Assessment of Self-Management Treatment Needs Among COPD Helpline Callers

Amanda R. Mathew, Miriam Guzman, Cherylee Bridges, Susan Yount, Ravi Kalhan, Brian L Hitsman

Research output: Contribution to journalArticle

Abstract

Telephone quitlines are an effective population-based strategy for smoking cessation, particularly among individuals with tobacco-related diseases such as chronic obstructive pulmonary disease (COPD). Expanding quitline services to provide COPD-focused self-management interventions is potentially beneficial; however, data are needed to identify specific treatment needs in this population. We conducted a telephone-based survey (N = 5,772) to examine educational needs, behavioral health characteristics, and disease-related interference among individuals with COPD who received services from the American Lung Association (ALA) Lung Helpline. Most participants (73.7%) were interested in COPD-focused information, and few had received prior instruction in breathing exercises (33.9%), energy conservation (26.5%), or airway clearing (32.1%). About one-third of participants engaged in regular exercise, 16.3% followed a special diet, and 81.4% were current smokers. Most participants (78.2%) reported COPD-related interference in daily activities and 30.8% had been hospitalized within the past six months for their breathing. Nearly half of participants (45.4%) reported current symptoms of anxiety or depression. Those with vs. without anxiety/depression had higher rates of COPD-related interference (83.9% vs. 73.5%, p < .001) and past six-month hospitalization (33.4% vs. 28.3%, p < .001). In conclusion, this survey identified strong interest in disease-focused education; a lack of prior instruction in specific self-management strategies for COPD; and behavioral health needs in the areas of exercise, diet, and smoking cessation. Anxiety and depression symptoms were common and associated with greater disease burden, underscoring the importance of addressing coping with negative emotions. Implications for self-management treatments that target multiple behavioral needs of COPD patients are discussed.

Original languageEnglish (US)
Pages (from-to)82-88
Number of pages7
JournalCOPD
Volume16
Issue number1
DOIs
StatePublished - Feb 1 2019

Fingerprint

Self Care
Chronic Obstructive Pulmonary Disease
Anxiety
Smoking Cessation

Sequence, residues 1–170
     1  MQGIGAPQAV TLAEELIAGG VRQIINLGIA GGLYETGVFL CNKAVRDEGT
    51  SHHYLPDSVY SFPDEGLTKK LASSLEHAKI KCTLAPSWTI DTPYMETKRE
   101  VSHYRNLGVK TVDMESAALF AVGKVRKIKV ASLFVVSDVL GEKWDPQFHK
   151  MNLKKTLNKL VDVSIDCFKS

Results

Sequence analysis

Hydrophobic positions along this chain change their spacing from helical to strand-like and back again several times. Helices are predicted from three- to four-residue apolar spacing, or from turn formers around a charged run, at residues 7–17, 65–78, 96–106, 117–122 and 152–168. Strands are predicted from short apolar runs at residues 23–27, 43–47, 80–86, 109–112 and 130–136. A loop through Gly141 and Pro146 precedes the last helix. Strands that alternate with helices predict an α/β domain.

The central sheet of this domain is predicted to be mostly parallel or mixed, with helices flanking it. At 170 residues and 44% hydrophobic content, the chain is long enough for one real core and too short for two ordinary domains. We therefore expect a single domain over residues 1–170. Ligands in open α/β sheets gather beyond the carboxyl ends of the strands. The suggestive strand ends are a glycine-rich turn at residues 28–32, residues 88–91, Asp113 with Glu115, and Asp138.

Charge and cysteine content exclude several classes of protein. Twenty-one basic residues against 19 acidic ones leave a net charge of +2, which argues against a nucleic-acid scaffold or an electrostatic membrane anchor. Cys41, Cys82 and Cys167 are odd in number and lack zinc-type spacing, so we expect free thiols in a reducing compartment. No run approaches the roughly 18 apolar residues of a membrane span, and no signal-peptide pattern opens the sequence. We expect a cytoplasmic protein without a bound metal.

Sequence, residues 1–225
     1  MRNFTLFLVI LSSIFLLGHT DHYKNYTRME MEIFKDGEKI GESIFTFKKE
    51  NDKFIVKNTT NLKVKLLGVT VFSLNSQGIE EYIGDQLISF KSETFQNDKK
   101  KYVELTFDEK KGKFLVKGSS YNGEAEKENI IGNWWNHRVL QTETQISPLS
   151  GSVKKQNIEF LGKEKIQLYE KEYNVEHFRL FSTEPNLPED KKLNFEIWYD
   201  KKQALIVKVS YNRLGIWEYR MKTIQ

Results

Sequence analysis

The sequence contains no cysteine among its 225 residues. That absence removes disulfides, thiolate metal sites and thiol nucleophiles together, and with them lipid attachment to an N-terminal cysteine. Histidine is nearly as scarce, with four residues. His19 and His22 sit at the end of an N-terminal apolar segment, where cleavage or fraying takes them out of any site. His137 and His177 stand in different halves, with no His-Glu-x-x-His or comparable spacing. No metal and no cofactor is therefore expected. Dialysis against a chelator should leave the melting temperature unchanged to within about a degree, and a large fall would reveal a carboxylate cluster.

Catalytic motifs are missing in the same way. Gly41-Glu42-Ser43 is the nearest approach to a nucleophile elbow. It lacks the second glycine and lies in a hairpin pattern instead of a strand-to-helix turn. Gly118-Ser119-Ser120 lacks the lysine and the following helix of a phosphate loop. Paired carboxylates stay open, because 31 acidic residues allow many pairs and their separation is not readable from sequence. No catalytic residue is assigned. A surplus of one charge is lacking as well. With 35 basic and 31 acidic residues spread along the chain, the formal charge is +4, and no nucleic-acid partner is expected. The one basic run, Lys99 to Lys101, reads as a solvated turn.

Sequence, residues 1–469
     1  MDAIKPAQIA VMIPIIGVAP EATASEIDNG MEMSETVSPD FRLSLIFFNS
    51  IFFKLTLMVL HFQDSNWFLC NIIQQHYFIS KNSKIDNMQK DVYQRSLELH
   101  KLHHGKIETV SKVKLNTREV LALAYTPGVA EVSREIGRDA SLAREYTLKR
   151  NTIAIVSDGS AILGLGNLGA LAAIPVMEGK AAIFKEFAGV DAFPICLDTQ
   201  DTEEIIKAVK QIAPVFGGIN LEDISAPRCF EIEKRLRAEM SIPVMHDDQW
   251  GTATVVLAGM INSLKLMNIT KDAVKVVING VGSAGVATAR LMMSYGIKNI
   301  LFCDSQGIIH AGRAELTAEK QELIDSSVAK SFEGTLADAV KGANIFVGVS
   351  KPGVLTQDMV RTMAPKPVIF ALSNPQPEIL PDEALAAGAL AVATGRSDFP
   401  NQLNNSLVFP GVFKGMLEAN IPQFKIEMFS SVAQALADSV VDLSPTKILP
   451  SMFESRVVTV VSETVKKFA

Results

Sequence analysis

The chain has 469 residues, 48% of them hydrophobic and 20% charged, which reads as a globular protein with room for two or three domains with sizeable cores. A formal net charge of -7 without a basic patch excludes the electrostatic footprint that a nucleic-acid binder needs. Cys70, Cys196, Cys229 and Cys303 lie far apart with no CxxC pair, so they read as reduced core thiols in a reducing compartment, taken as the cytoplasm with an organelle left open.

Therapeutics
Depression
Telephone
Breathing Exercises
Exercise
Diet
Lung
Health
Population
Tobacco
Respiration
Emotions
Hospitalization
Education

Keywords

  • COPD
  • health promotion
  • self-management
  • smoking cessation
  • telephone support
  • tobacco use

ASJC Scopus subject areas

  • Pulmonary and Respiratory Medicine

Cite this

Mathew, Amanda R. ; Guzman, Miriam ; Bridges, Cherylee ; Yount, Susan ; Kalhan, Ravi ; Hitsman, Brian L. / Assessment of Self-Management Treatment Needs Among COPD Helpline Callers. In: COPD. 2019 ; Vol. 16, No. 1. pp. 82-88.
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abstract = "Telephone quitlines are an effective population-based strategy for smoking cessation, particularly among individuals with tobacco-related diseases such as chronic obstructive pulmonary disease (COPD). Expanding quitline services to provide COPD-focused self-management interventions is potentially beneficial; however, data are needed to identify specific treatment needs in this population. We conducted a telephone-based survey (N = 5,772) to examine educational needs, behavioral health characteristics, and disease-related interference among individuals with COPD who received services from the American Lung Association (ALA) Lung Helpline. Most participants (73.7{\%}) were interested in COPD-focused information, and few had received prior instruction in breathing exercises (33.9{\%}), energy conservation (26.5{\%}), or airway clearing (32.1{\%}). About one-third of participants engaged in regular exercise, 16.3{\%} followed a special diet, and 81.4{\%} were current smokers. Most participants (78.2{\%}) reported COPD-related interference in daily activities and 30.8{\%} had been hospitalized within the past six months for their breathing. Nearly half of participants (45.4{\%}) reported current symptoms of anxiety or depression. Those with vs. without anxiety/depression had higher rates of COPD-related interference (83.9{\%} vs. 73.5{\%}, p < .001) and past six-month hospitalization (33.4{\%} vs. 28.3{\%}, p < .001). In conclusion, this survey identified strong interest in disease-focused education; a lack of prior instruction in specific self-management strategies for COPD; and behavioral health needs in the areas of exercise, diet, and smoking cessation. Anxiety and depression symptoms were common and associated with greater disease burden, underscoring the importance of addressing coping with negative emotions. Implications for self-management treatments that target multiple behavioral needs of COPD patients are discussed.",
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Assessment of Self-Management Treatment Needs Among COPD Helpline Callers. / Mathew, Amanda R.; Guzman, Miriam; Bridges, Cherylee; Yount, Susan; Kalhan, Ravi; Hitsman, Brian L.

In: COPD, Vol. 16, No. 1, 01.02.2019, p. 82-88.

Research output: Contribution to journalArticle

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